'Norwood', 78 Hoggs Road, Toolern Vale, established in 1916, is significant as a bird sanctuary and bird observers centre from the early 1930s until 1965. It was well-known locally, amongst school groups from Melbourne's western suburbs, and in the amateur ornithological community. The historical values of the place are embodied in the Federation style dwelling (albeit relocated and altered) and in the Naturalists Cabin. This latter building is also significant an intact and unusual interwar outbuilding that continues to reflect the past bird sanctuary function of the site.
'Norwood', 78 Hoggs Road is historically significant at a REGIONAL level as a rare and important expression of the amateur interest in native birds, and the incorporation of this interest into the education curriculum, particularly through the Gould League's 'Bird Day' in the inter-war decades. The 'Naturalists Cabin' is an outstanding, and rare (perhaps unique) representation of this important Australian historical theme.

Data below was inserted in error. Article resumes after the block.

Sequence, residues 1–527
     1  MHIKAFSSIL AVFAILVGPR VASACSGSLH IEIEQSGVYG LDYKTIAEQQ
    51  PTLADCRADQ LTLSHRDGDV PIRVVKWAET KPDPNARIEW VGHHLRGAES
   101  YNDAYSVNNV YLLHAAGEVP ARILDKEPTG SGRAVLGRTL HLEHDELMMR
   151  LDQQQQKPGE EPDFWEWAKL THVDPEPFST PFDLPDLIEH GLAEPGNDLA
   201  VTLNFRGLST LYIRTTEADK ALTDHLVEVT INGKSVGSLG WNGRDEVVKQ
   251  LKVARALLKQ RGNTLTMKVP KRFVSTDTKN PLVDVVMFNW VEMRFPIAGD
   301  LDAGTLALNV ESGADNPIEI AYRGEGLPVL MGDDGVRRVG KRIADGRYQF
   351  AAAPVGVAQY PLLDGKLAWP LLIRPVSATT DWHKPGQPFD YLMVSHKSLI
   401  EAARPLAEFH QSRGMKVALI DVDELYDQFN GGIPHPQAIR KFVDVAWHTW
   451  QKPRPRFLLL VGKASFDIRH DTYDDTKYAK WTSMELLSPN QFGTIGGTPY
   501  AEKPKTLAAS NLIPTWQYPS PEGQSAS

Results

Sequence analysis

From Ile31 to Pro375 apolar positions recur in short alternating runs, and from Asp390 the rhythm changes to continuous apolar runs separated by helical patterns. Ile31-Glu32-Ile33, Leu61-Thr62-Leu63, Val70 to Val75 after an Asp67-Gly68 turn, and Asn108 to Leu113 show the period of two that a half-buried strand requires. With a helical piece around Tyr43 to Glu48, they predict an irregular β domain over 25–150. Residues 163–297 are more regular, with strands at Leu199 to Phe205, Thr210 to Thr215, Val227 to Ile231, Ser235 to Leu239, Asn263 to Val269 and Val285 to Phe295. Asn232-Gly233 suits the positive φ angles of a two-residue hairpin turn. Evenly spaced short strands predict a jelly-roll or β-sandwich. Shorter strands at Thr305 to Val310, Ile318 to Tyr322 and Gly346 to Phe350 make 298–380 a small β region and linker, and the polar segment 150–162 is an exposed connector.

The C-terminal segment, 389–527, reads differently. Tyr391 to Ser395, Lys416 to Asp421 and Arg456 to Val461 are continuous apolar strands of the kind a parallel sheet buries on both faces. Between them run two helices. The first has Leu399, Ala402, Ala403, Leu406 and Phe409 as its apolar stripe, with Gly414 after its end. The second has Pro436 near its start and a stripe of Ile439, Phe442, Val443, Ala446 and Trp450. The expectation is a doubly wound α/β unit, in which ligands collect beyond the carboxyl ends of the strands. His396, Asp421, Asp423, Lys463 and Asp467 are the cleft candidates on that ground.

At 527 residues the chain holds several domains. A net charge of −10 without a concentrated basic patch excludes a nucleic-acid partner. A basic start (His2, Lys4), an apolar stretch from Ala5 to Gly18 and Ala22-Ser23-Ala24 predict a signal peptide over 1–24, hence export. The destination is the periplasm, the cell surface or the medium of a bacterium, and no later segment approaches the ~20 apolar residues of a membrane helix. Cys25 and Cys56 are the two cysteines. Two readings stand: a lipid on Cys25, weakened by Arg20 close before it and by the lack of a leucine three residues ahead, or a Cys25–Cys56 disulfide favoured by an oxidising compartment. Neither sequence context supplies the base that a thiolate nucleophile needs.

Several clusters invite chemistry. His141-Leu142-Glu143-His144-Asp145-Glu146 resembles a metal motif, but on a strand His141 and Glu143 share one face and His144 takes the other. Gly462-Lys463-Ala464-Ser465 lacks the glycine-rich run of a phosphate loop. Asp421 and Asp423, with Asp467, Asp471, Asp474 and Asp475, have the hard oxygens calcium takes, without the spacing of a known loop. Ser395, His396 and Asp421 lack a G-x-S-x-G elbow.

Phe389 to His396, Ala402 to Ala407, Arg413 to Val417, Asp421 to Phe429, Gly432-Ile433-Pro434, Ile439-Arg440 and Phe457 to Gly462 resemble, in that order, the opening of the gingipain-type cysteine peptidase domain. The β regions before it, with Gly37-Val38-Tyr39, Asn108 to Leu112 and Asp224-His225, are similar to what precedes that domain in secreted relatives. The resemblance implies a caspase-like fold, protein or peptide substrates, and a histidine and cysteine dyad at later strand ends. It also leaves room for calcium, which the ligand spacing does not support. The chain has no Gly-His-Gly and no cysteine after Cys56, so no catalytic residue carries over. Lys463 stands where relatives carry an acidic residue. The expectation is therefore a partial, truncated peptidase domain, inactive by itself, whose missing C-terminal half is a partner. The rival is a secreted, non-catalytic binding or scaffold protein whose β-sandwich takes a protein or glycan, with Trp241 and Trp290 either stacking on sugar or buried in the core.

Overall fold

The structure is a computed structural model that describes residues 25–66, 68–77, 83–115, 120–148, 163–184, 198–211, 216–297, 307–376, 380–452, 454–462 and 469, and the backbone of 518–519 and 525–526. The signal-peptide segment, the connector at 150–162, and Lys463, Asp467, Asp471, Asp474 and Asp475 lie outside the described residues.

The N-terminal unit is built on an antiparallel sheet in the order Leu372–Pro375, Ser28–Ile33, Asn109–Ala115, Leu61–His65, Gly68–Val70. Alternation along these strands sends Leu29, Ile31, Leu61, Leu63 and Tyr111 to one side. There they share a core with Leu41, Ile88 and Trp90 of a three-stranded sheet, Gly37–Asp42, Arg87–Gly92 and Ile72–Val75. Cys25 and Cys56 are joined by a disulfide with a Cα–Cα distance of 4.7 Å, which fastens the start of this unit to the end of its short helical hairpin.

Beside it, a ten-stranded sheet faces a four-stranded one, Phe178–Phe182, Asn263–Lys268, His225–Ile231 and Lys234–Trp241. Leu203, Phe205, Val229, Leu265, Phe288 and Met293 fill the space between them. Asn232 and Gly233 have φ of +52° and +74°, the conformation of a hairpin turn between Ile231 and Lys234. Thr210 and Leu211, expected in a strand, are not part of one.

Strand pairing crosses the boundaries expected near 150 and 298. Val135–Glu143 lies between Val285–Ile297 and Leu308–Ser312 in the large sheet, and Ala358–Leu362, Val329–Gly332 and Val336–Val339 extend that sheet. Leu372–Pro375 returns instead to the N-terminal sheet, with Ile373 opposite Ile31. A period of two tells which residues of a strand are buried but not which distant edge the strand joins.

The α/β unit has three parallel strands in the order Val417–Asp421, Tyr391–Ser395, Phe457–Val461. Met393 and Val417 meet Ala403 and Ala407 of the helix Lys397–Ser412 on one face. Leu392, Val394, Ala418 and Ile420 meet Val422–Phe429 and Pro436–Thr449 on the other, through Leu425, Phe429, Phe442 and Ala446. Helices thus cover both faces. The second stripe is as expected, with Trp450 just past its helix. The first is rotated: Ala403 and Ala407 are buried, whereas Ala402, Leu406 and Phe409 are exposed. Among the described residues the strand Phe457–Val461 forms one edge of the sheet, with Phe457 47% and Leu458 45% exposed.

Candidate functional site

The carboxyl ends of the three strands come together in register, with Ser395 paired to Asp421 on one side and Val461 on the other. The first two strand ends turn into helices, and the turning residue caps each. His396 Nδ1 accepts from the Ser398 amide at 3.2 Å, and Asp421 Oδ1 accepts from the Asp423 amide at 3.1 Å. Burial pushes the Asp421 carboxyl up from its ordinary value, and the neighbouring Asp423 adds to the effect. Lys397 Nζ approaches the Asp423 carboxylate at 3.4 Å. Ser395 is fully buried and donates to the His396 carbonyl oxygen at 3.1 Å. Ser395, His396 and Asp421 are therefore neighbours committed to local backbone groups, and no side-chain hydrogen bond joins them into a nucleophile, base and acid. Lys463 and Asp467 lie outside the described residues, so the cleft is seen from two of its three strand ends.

'Norwood', 2088-2126 Diggers Rest - Coimadai Road, is of architectural interest. Although relocated and extended in c.1928, the alterations made at this time also contribute to an appreciation of the historical value of the place today. It demonstrates design qualities of a Federation style. These qualities include the recessive hipped roof form, together with the minor gable that projects towards the front and the return broken back verandah that projects at the front and side. Other intact qualities include the elevated single storey height, asymmetrical composition, horizontal timber weatherboard wall cladding, corrugated sheet metal roof cladding, face brick chimney, modest eaves, square timber verandah posts, timber framed double hung windows, timber framed doorway with sidelights and highlights, and the rudimentary gable infill (battening and panelling).
The 1933 Naturalists Cabin outbuilding is architecturally significant at a LOCAL level (AHC D.2). It demonstrates original design qualities for a modest interwar building. These qualities include the simple gable roof form clad in galvanised corrugated steel, wide eaves with exposed timber rafters and the large vertically boarded timber doors with small early viewing windows. It is missing a small original verandah. Other intact or appropriate qualities include the cement sheet panelling with a central timber batten in the gable end. The building is distinguished by the survival of its hand painted name plate entitled 'The Naturalists Cabin', and the hand-painted panel of a Grey Thrush above the door.
Overall, 'Norwood', 78 Hoggs Road, is of LOCAL significance.